Damien Parer

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Damien Parer
Photo of Damien Peter Parer.jpg
Born1 August 1912
Died17 September 1944(1944-09-17) (aged 32)
Peleliu, Palau
Cause of deathKilled in action
OccupationAustralian cameraman and award-winning war cinematographer
Spouse(s)Elizabeth Marie Cotter
ChildrenDamien Parer

Damien Peter Parer (1 August 1912 – 17 September 1944) was an Australian war photographer. He became famous for his war photography of the Second World War, and was killed by Japanese machine-gun fire at Peleliu, Palau. He was cinematographer for Australia's first Oscar-winning film, Kokoda Front Line!, an edition of the weekly newsreel, Cinesound Review, which was produced by Ken G. Hall.

Early life[edit]

Damien Parer was born at Malvern in Melbourne, the seventh child of John Arthur Parer, a Spanish-Catalan-born hotel manager on King Island and his wife Teresa, the daughter of JP Carolin a Tasmanian and Mary Corcoran from Tipperary, Ireland. In 1923, he and his brother Adrian were sent as boarders to St Stanislaus' College in Bathurst and St Kevin's College, Melbourne.[1] He joined the school's camera club, and decided that he wanted to be a photographer, rather than a priest. However, finding a job as a photographer in depression-era Australia proved difficult, so he resumed his education at St Kevin's in East Melbourne. While at this school he won a prize in a photographic competition run by the Melbourne newspaper The Argus, and used the money to buy a Graflex camera used by professional photographers.

Parer obtained an apprenticeship with Arthur Dickinson. He said later that he learned most about photography from Dickinson and Max Dupain. He finished his apprenticeship in 1933 and, in mid-1934, obtained work with the director Charles Chauvel on the film Heritage, where he met and became friends with another up-and-coming filmmaker of the time, John Heyer.[2] In September 1935 Damien was offered and accepted via telegram the Assistant Cameraman position on Chauvel's film Rangle River. At the conclusion of that film, and with the help of Chauvel, he obtained work in Sydney, and so moved there in 1935.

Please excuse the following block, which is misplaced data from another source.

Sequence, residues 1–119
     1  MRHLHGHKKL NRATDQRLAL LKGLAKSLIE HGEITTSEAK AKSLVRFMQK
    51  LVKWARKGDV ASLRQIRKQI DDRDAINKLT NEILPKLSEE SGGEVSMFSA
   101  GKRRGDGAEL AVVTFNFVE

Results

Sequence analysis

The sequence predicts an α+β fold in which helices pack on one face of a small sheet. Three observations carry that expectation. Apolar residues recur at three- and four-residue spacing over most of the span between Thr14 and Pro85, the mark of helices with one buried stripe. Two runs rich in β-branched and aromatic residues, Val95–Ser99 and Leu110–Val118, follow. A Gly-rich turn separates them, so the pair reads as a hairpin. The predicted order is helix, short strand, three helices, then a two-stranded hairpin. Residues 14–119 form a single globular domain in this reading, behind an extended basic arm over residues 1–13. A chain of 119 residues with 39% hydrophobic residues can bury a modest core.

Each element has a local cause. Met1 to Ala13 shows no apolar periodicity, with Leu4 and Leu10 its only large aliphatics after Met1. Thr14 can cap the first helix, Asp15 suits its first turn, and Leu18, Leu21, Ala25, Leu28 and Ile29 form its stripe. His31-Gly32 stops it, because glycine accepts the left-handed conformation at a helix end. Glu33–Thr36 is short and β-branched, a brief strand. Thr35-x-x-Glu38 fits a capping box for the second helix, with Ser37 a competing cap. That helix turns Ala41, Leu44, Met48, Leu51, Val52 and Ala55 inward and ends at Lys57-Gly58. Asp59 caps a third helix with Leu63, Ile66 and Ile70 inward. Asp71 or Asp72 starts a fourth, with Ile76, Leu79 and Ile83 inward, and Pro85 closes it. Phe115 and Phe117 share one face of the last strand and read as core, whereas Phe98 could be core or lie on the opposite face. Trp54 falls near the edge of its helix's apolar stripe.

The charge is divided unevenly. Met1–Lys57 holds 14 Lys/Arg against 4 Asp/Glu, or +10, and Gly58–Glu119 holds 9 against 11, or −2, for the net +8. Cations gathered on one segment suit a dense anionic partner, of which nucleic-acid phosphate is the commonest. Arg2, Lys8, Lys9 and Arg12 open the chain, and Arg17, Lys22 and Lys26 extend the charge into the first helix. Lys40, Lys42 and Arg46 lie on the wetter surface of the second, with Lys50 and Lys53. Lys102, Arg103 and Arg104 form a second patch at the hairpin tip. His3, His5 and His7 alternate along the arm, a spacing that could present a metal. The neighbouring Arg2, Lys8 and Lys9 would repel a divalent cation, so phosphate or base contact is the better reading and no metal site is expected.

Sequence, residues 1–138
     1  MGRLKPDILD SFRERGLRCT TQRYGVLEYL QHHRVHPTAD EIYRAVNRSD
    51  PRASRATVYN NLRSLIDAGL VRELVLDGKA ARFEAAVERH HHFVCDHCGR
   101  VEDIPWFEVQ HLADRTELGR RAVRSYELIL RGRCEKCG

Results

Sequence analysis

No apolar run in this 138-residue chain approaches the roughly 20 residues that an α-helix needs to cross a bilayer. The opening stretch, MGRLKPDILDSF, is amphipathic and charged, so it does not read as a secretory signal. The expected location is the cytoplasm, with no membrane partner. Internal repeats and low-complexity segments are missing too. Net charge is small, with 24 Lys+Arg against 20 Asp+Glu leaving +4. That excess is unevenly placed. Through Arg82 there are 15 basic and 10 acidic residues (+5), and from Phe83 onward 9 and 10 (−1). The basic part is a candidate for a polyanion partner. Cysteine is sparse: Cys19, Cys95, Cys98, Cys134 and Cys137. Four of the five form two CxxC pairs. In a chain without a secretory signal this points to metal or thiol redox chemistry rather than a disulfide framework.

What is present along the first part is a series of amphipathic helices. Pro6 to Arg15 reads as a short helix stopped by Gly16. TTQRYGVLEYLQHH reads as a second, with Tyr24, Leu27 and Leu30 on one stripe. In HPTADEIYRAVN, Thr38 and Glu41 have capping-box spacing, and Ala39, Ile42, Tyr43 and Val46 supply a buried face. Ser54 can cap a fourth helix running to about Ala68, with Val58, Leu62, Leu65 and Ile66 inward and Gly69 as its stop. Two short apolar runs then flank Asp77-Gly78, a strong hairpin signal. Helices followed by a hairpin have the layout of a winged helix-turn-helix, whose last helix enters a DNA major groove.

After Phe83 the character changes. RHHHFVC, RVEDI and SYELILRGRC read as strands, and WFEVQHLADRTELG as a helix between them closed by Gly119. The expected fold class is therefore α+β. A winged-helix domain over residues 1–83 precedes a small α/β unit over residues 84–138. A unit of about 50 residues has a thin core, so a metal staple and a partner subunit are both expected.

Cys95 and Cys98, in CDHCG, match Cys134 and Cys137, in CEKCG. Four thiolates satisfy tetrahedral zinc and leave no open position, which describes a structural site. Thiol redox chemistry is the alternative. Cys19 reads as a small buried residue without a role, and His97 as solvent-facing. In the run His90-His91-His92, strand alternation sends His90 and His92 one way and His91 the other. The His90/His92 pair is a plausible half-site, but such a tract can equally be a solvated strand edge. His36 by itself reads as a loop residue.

Career[edit]

Australian 39th Battalion troops returning to their base after battling the Japanese at Isurava, Papua New Guinea, 1942

By World War II, Parer was experienced at photography and motion pictures, and was appointed as official movie photographer to the Australian Imperial Force (AIF)

Still frame from The Bismark Convoy Smashed (1943). Flight Lieutenant Ron "Torchy" Uren of No. 30 Squadron RAAF takes a drink from his water canteen while in the cockpit of his Bristol Beaufighter during the Battle of the Bismarck Sea. Parer flew with him to record attacks against Japanese ships

His first war footage was taken on HMAS Sydney after it had sunk the Italian cruiser Bartolomeo Colleoni. Soon afterwards, he was aboard HMS Ladybird while it was bombarding the sea port of Bardia in Libya. His first experience at close quarters was during a troop advance at Derna.